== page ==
“Black Friday weekend sales soar 13 percent to $59B” – Boston Herald
During election season, that Claim Check logo up above usually indicated another politician flooding the airwaves with another questionable ad. But with the votes tallied, we return to using Claim Check to analyze – and occasionally debunk – claims found in the media, in scientific studies and in the wilds of the Web.
Today, we’re piggy-backing on excellent work done by Barry Ritholtz, CEO of Fusion IQ, who writes the popular financial blog, “The Big Picture.” For years, Ritholtz has pleaded with the media to report skeptically on Black Friday sales projections made by the National Retail Federation. He’s made inroads, but plenty of work remains.
The Boston Herald headline above is representative of stories that appeared in hundreds of media outlets. But don’t believe it. Continue reading
During the budget battles in Washington in the spring of 2011, a liberal group produced an ad featuring an elderly woman in a wheelchair being pushed through a park by a man in a suit and tie, while America the Beautiful plays in the background and words on the screen tout the Medicare program. But the placid scene takes a decidedly sinister turn, as the on-screen narration states that “Republicans now want to privatize Medicare.” Suddenly, the man in the suit veers off the path, wheels the distressed woman toward a rocky overlook, and dumps her off a cliff.
OK, so perhaps nothing in Connecticut this political season went that completely over the edge. But in the bruising Senate race between Democrat Chris Murphy and Republican Linda McMahon, there were certainly moments when honesty and accuracy went on holiday as the candidates scraped for every vote. With the election a few days away, here’s a recap of some of the claims made during the race. Continue reading
There is something of a hierarchy in political ad nastiness.
The tamest ads – and yes, this is entirely relative – typically come from the candidates themselves, who have at least a modest disinclination to appear overly vicious.
Ads from political parties push the envelope a little farther, taking on topics or themes the candidates may be reluctant to directly address.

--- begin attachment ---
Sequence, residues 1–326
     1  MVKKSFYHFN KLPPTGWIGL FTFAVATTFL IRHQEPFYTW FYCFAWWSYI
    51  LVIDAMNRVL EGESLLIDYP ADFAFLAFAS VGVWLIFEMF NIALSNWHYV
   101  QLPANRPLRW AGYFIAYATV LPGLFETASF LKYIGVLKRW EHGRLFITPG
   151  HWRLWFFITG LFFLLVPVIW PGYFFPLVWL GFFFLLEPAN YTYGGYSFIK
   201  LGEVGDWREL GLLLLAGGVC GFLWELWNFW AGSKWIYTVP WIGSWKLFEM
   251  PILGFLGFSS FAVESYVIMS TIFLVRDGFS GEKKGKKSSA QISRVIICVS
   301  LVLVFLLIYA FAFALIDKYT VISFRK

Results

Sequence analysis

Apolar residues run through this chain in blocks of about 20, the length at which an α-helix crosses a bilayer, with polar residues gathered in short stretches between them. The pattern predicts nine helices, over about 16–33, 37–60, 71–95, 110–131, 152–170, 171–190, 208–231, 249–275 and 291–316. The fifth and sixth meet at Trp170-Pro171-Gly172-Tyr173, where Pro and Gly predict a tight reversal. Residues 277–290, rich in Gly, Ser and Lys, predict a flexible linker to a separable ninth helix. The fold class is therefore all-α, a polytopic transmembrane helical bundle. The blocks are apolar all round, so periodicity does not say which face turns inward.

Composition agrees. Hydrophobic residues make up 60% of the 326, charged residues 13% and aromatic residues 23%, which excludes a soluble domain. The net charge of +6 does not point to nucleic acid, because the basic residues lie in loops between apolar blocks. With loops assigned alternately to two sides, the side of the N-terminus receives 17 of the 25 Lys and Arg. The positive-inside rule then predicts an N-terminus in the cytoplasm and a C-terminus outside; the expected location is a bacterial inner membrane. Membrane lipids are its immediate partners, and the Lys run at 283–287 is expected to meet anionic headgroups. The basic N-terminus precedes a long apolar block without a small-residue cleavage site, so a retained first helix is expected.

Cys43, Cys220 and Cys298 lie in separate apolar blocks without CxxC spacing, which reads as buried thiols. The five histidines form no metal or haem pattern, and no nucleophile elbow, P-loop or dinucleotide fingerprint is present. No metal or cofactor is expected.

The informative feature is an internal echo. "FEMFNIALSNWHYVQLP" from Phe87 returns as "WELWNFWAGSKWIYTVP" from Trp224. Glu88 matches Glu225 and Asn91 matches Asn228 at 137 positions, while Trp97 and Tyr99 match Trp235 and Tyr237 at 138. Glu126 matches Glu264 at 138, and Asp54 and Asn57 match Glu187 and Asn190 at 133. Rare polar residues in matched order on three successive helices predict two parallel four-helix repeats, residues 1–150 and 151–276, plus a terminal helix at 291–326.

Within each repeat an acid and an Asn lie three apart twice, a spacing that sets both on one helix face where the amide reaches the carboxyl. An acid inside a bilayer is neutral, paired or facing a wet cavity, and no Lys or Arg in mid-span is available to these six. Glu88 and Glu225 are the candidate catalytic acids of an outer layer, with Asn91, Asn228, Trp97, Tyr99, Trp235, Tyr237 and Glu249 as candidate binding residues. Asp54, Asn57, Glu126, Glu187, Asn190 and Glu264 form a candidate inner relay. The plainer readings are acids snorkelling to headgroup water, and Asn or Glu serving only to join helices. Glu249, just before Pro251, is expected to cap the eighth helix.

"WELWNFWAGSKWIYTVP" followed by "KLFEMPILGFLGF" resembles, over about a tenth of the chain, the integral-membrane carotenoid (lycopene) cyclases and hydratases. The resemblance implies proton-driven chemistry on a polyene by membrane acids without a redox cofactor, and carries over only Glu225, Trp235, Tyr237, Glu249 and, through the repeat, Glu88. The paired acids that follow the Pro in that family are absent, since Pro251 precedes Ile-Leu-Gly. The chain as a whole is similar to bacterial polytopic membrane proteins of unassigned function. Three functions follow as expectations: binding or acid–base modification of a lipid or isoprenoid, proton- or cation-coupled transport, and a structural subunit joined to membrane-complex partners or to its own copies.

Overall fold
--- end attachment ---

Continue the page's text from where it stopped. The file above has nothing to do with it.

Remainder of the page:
And then there are the PACs, which work independently of the candidates – at least officially – and which show little hesitation to get in the mud and start slinging it around.
That’s what we see in a new ad from a pair of PACs opposing Linda McMahon’s candidacy for U.S. Senate. The 30-second spot takes a line McMahon said during a candidate’s forum last April, and twists it to create a narrative that doesn’t exist in support of a political charge that has no base. Continue reading
If there is one topic on which the candidates for U.S. Senate in Connecticut have most consistently confused voters, it is the issue of federal income taxes. And Republican Linda McMahon continues that trend with a television ad revisiting familiar ground on taxes as well as job creation.
“On key issues, compare the candidates,” the narrator instructs. “On cutting middle-class taxes, Linda McMahon’s plan saves the average Connecticut family $500 a month. But Congressman Chris Murphy voted to raise middle-class taxes three times.”
We’ve evaluated — and challenged — the first part of that assertion multiple times, but the campaign continues to make the claim, albeit with slight modifications. For the record, under no scenario does McMahon’s plan save the average Connecticut family $500 a month, and there are two flaws with the campaign’s calculation. Continue reading
In her first run for the Senate two years ago, polls showed Republican Linda McMahon fared particularly poorly with women, trailing opponent Richard Blumenthal by as much as 25 points. That gap has virtually vanished this time around, which likely explains a new ad from Democrat Chris Murphy, taking shots at McMahon’s business and political relationship with women.
“As CEO, Linda McMahon demeaned women to make millions in her business,” says a woman in the ad, followed by another who goes on to accuse McMahon of “targeting children with violent images and toys.”
On the political side, the ad states that McMahon “would support a Republican proposal that would allow my employer to deny me coverage for contraception.” The ad then makes a more specific claim, stating that McMahon “will deny coverage for mammograms.”
That last line is where the ad gets in trouble. But let’s start with the business accusations. Continue reading